We found a club on Fourteenth Street—I think it was Charlie’s brother Pete, who played bass— that held Sunday afternoon jam sessions in the Shaw neighborhood near the open-air drug corner of P Street.  There, webbed in smoke and sunlight, perfumed with the smell of grilling half-smokes, reefer, tobacco, and old beer, we three wannabe jazz princes would go to indulge our fantasy of joining this fellowship of sad beauty.

     At this storefront bar, optimistically named The Player’s Club, I’d stand on the stage with Charlie, Pete and Tea waiting my turn with trembling hands next to the piano, to sit in for one, two, sometimes three songs: standard pieces like “On Green Dolphin Street” or “Autumn Leaves,” painstakingly learned at home from a fakebook. 

     Like all neophytes, I flubbed the basics, especially at first.  But with a teacher’s grudging patience, the older men allowed us to return next time, perhaps then to stay a little longer, maybe get a nod of recognition as we showed we’d worked some, that we’d learned something since last time. 

     The house bandleader, the pianist whose place I would take trembling in my turn, was a light-skinned and portly middle-aged man with a friendly, open face who laughed as easily as he spoke.  He called out the tunes.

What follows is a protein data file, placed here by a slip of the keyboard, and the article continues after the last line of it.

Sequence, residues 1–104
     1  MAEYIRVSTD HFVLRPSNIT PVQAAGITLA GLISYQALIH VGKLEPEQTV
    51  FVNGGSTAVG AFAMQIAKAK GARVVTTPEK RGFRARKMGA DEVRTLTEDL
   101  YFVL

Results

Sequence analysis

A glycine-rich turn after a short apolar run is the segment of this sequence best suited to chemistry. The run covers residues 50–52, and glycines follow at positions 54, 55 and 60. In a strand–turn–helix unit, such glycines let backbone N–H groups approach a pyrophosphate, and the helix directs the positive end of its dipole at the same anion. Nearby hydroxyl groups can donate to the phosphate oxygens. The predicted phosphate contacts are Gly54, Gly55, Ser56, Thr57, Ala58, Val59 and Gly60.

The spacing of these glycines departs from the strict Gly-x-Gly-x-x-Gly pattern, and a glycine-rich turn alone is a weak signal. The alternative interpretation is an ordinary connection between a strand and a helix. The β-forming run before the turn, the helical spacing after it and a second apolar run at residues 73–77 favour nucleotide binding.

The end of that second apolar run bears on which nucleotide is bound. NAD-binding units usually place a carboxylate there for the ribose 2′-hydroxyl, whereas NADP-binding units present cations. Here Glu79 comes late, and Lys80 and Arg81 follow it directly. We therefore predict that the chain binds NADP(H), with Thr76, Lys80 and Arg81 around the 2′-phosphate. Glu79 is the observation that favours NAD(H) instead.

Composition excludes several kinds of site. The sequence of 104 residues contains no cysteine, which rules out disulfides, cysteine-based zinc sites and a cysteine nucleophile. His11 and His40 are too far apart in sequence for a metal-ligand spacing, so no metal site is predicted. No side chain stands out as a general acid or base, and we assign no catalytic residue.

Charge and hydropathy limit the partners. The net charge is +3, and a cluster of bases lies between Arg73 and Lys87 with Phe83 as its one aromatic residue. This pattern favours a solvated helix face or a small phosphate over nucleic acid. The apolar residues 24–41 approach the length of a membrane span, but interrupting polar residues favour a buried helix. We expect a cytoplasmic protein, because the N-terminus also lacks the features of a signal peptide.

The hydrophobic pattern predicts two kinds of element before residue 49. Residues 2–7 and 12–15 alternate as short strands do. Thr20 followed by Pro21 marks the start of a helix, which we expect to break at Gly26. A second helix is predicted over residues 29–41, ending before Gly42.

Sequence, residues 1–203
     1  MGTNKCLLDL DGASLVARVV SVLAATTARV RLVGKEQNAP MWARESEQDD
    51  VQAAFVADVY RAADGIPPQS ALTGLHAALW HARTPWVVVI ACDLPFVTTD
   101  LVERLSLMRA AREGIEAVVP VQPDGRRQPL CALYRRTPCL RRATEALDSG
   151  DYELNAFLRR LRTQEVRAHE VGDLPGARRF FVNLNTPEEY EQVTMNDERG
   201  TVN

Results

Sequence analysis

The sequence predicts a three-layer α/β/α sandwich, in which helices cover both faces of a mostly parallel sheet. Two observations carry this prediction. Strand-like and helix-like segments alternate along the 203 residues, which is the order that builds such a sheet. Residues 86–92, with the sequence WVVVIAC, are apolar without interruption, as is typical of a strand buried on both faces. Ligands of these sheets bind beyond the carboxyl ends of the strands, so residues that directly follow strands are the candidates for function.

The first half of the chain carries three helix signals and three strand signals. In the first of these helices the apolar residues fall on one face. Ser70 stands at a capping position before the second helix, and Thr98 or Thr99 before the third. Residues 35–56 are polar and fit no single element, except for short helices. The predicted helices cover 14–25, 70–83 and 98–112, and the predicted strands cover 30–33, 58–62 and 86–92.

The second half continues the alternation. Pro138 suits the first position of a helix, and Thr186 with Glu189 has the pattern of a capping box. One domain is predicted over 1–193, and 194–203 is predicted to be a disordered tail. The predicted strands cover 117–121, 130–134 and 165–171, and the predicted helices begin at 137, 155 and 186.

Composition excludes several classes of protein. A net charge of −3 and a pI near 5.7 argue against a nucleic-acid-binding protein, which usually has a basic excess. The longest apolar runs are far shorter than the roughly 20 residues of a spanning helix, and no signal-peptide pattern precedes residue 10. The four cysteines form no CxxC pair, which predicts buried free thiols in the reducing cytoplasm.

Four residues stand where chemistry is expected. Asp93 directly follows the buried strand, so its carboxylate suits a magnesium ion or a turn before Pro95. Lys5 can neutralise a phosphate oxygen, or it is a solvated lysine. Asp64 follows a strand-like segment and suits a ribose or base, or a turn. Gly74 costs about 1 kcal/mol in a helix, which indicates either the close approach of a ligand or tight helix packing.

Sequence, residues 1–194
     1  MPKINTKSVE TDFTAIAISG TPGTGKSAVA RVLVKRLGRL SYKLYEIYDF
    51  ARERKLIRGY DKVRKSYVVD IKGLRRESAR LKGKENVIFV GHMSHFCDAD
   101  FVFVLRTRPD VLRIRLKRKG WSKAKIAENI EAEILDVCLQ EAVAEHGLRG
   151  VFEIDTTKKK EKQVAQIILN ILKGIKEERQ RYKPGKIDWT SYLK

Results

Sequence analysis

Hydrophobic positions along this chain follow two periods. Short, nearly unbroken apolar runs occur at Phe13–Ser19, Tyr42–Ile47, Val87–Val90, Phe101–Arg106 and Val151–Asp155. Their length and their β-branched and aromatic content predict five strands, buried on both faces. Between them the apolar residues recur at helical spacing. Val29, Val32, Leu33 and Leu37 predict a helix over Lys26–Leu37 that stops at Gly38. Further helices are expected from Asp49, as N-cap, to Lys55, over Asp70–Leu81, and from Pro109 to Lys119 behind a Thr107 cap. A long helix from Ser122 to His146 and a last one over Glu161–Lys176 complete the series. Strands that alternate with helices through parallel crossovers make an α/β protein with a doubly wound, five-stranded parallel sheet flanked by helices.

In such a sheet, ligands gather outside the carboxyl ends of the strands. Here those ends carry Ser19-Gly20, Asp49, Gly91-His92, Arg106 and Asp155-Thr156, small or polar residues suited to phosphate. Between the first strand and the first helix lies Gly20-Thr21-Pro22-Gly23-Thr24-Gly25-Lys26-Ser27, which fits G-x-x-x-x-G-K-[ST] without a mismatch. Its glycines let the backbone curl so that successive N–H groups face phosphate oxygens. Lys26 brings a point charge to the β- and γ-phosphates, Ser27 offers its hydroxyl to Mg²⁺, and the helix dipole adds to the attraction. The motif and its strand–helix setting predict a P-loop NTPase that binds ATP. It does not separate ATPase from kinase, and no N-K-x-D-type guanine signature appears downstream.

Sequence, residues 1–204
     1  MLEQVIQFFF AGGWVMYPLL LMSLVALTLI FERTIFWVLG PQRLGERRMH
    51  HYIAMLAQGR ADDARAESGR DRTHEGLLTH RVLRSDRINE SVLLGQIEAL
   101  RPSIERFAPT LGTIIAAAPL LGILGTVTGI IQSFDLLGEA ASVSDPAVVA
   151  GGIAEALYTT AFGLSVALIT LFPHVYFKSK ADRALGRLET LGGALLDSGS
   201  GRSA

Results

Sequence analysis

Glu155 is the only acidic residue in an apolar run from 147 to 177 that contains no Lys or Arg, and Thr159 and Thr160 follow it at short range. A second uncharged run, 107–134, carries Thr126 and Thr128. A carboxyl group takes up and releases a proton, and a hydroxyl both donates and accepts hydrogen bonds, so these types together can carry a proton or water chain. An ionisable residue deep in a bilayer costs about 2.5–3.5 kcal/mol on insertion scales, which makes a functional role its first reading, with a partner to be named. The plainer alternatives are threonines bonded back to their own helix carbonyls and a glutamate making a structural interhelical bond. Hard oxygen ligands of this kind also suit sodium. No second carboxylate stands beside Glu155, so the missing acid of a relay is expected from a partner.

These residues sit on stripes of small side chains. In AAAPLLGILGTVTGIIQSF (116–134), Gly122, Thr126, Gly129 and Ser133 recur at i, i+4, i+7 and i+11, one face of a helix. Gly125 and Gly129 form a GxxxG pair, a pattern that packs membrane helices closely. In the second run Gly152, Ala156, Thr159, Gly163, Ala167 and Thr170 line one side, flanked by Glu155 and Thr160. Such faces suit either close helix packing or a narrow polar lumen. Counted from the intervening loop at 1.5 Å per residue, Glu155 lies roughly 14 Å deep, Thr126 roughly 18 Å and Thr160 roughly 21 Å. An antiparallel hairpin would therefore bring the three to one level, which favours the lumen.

“What you want to play?” he might ask.

     “ ‘The Man I Love’ in B-flat,” Tea might answer.

     “Okay, except let’s do ‘All The Things You Are’ in E-flat,” he’d reply, and then count it out at an impossibly fast tempo, leaving us to catch up as best we could.

     The bass player was darker-skinned; reserved and skinny, with a long face and high cheekbones. He wore the same threadbare gray-and-black sharkskin suit every week, slightly too large for him, as though he’d lost weight recently, over various open-necked polyester shirts. 

     His jacket lapels and sleeves would sway in rhythm with his playing, and he sucked in his cheeks and stared under his heavy brow whenever something caught his attention: surprised, amused, occasionally impressed.  He never left the stage, and would stand next to Pete coaching him in subdued tones, occasionally playing along with him to model the technique he taught in these impromptu lessons.